NPA blasts property tax hike, city spending in Vancouver’s 2014 budget

But Vision councillor claims increase is modest and lower than in many other Metro cities
George Affleck: questions claim tax increase is tied to inflation

The City of Vancouver plans to spend $1.2 billion in 2014 and raise property taxes by just under 2%, according to budget documents released November 27.

The proposed budget will come before council on December 10. But in advance of the vote, Vancouver’s two main municipal parties are squaring off over whether the increases are modest or outrageous.

Vision councillor Raymond Louie said the 1.9% property tax increase is tied to the rate of inflation and is lower than many other Metro Vancouver municipalities. The city’s proposed 2014 operating budget includes a 2.6% increase ($26 million) over 2013.

Louie called the property tax and operating budget increases modest and said they were possible in part because of the Vancouver core services review over the past five years.

But NPA councillor George Affleck said neither the national nor provincial rates of inflation have hit 2% this year. British Columbia’s inflation rate currently sits at negative 0.3%.

Affleck praised the city’s move toward a user-pay model for services like water and sewer, but said he expected to see more savings from the scheme.

“Over the last five years, it’s over $300 million in extra revenue that the city is receiving,” Affleck said. “Where is that money going?”

Business groups have been concerned about what they say is an imbalance in property tax ratios in B.C. municipalities. In Vancouver, businesses currently pay four times the residential property tax rate.

“When I see all the empty shops along Robson and Fourth, and there’s empty offices all over the city … at the end of the day, a big chunk of our city is small businesses, and we’re not supporting them through our taxes, that’s for sure,” said Affleck.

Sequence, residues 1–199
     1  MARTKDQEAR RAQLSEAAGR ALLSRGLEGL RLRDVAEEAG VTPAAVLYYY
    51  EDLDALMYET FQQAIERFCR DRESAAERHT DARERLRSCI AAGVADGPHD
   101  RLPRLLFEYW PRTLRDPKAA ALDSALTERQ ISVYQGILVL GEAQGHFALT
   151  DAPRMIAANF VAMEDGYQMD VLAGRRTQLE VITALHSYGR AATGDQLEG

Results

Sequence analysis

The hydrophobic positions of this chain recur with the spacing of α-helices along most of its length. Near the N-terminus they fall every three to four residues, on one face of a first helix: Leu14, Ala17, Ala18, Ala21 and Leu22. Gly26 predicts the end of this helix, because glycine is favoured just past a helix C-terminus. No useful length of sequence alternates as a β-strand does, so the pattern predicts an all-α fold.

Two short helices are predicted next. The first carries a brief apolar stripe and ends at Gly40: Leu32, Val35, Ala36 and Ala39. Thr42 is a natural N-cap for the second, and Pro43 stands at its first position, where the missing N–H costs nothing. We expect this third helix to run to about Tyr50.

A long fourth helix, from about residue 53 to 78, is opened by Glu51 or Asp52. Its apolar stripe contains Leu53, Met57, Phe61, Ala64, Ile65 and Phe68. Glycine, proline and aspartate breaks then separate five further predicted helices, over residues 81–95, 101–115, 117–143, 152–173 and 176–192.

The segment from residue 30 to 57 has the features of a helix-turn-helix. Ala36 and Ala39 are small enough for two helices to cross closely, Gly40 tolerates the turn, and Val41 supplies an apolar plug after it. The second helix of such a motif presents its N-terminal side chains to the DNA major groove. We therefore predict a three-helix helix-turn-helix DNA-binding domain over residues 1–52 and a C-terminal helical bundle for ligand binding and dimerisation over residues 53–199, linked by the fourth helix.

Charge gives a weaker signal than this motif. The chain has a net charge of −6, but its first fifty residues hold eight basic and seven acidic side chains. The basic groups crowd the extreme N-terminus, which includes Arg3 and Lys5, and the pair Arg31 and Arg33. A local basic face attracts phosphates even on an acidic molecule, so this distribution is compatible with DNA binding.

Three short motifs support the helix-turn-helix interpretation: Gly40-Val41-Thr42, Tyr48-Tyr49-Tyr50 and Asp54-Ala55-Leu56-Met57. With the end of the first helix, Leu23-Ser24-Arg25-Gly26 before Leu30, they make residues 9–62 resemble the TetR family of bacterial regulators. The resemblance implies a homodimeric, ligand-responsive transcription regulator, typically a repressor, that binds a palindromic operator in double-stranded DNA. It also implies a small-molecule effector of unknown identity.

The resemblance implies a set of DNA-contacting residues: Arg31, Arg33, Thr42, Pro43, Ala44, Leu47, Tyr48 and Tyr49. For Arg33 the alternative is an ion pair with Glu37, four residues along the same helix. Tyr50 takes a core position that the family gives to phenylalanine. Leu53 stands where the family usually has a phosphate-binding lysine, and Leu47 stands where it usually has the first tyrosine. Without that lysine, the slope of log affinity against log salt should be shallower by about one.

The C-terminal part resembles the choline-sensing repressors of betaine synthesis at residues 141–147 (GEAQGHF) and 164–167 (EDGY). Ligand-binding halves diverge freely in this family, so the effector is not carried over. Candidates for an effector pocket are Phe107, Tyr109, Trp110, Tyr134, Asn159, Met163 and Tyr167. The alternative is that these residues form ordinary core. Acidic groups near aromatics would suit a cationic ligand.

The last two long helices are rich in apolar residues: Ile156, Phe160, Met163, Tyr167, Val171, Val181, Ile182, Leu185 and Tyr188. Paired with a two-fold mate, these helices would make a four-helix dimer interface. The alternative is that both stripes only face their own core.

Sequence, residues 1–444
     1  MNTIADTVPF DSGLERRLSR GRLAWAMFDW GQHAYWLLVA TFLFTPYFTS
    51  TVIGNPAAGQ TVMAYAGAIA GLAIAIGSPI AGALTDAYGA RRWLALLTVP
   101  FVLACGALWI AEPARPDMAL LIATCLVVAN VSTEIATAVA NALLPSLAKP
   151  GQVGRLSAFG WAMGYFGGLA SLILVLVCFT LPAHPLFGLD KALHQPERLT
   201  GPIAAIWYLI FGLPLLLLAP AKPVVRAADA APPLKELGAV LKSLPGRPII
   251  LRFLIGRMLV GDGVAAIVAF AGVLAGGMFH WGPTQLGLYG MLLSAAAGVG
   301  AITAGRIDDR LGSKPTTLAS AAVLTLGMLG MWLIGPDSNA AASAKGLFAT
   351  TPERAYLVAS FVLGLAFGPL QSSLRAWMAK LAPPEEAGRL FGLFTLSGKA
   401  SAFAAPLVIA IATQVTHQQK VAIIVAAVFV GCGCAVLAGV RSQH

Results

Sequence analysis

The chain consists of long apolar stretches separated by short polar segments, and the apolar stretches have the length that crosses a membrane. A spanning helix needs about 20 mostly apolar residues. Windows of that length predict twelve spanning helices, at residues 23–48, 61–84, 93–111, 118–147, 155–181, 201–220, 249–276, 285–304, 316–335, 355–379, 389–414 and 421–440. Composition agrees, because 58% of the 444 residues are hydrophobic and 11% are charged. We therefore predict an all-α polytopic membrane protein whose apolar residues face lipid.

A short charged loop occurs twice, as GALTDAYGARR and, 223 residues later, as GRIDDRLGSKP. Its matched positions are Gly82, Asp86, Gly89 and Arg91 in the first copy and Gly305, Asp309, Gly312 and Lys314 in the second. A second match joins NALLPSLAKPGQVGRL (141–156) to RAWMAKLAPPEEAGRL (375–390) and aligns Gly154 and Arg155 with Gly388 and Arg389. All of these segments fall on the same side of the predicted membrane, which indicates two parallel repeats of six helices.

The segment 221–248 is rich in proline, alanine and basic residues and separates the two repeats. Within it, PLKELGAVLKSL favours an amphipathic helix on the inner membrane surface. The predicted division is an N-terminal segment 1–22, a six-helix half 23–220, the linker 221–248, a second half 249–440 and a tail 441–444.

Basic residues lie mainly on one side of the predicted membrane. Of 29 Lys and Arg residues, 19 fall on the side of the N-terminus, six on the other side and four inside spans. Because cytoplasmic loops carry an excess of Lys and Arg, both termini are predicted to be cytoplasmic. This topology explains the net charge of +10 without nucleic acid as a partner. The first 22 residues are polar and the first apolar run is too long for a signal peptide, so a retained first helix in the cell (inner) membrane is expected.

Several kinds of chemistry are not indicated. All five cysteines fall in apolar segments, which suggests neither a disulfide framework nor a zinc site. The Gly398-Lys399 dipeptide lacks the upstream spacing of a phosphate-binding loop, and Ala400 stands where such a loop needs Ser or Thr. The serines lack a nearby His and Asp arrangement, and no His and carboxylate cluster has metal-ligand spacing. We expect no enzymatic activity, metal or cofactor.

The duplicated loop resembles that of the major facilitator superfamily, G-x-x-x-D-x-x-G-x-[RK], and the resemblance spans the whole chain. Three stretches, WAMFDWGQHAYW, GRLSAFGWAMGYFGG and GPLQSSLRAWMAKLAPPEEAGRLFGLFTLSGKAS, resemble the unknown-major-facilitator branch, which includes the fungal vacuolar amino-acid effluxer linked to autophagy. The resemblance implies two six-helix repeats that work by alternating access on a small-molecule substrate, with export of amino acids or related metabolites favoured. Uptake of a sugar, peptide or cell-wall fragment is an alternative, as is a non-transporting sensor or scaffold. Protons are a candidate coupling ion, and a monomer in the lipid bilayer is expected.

The city has re-formed an independent commission to look at the property tax issue.

“There’s a lot more to be done, and that’s why we agreed to revisit the issue of tax fairness,” said Louie.

“We do like to have those mom-and-pops in our city and making sure that we provide them with a competitive environment so they can thrive, but at the same time we didn’t want to have the multinational companies in our cities get a tax subsidy.”

He said the property tax commission will report back to council in December.

Last November, Affleck said the city’s budget did not include enough detail, especially on how each department will spend its budget.

He said that complaint still stands.

“They’re not digging down in a way that I think is appropriate for making decisions on a $1.2 billion budget.”

jstdenis@biv.com

Bring back business vote

The BC Chamber of Commerce can think of a way to address the fact that businesses pay a higher property tax rate than residents: bring back British Columbia’s business vote.

The vote, which allowed businesses to vote in municipal elections, was in place from the 1970s to 1993. It was rescinded by Mike Harcourt’s NDP government, which cited concerns about low voter turnout and fears that the vote was being abused.

Jon Garson, a policy analyst with the advocacy organization, believes restoring the vote is important because business owners feel that progress on the property tax issue has stalled.

“The BC Chamber has taken the view that this is taxation without representation,” Garson said.

But NDP MLA Selena Robinson said it would undermine the democratic principle of one person, one vote. She agreed that businesses have been more heavily taxed than residents, but said that many municipalities are now gradually shifting the tax rate to achieve a more balanced ratio.

“We’re managing historical practices and we’re trying to do it in a way that’s respectful to all taxpayers, and it’s slow and it’s hard,” Robinson said.

The City of London, England, is currently the only jurisdiction in the world that allows businesses to vote in municipal elections.

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